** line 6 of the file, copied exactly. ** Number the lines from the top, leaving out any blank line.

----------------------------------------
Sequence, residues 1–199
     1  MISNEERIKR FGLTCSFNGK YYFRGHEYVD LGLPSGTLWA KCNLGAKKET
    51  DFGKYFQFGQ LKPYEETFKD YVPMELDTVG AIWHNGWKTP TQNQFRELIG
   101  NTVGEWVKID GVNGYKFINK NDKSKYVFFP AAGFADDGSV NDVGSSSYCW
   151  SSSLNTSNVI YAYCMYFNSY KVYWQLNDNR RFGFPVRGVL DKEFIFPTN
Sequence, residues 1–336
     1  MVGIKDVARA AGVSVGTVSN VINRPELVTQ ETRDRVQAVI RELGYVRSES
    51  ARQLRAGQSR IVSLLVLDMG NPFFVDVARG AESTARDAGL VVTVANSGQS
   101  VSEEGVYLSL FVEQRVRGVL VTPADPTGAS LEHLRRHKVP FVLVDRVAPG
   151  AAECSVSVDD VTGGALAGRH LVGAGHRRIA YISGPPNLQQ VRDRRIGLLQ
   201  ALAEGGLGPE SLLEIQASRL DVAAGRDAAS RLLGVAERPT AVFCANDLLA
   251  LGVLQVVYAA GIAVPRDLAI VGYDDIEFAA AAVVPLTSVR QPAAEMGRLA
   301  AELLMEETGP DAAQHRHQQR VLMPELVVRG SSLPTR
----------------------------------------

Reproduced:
Sequence, residues 1–336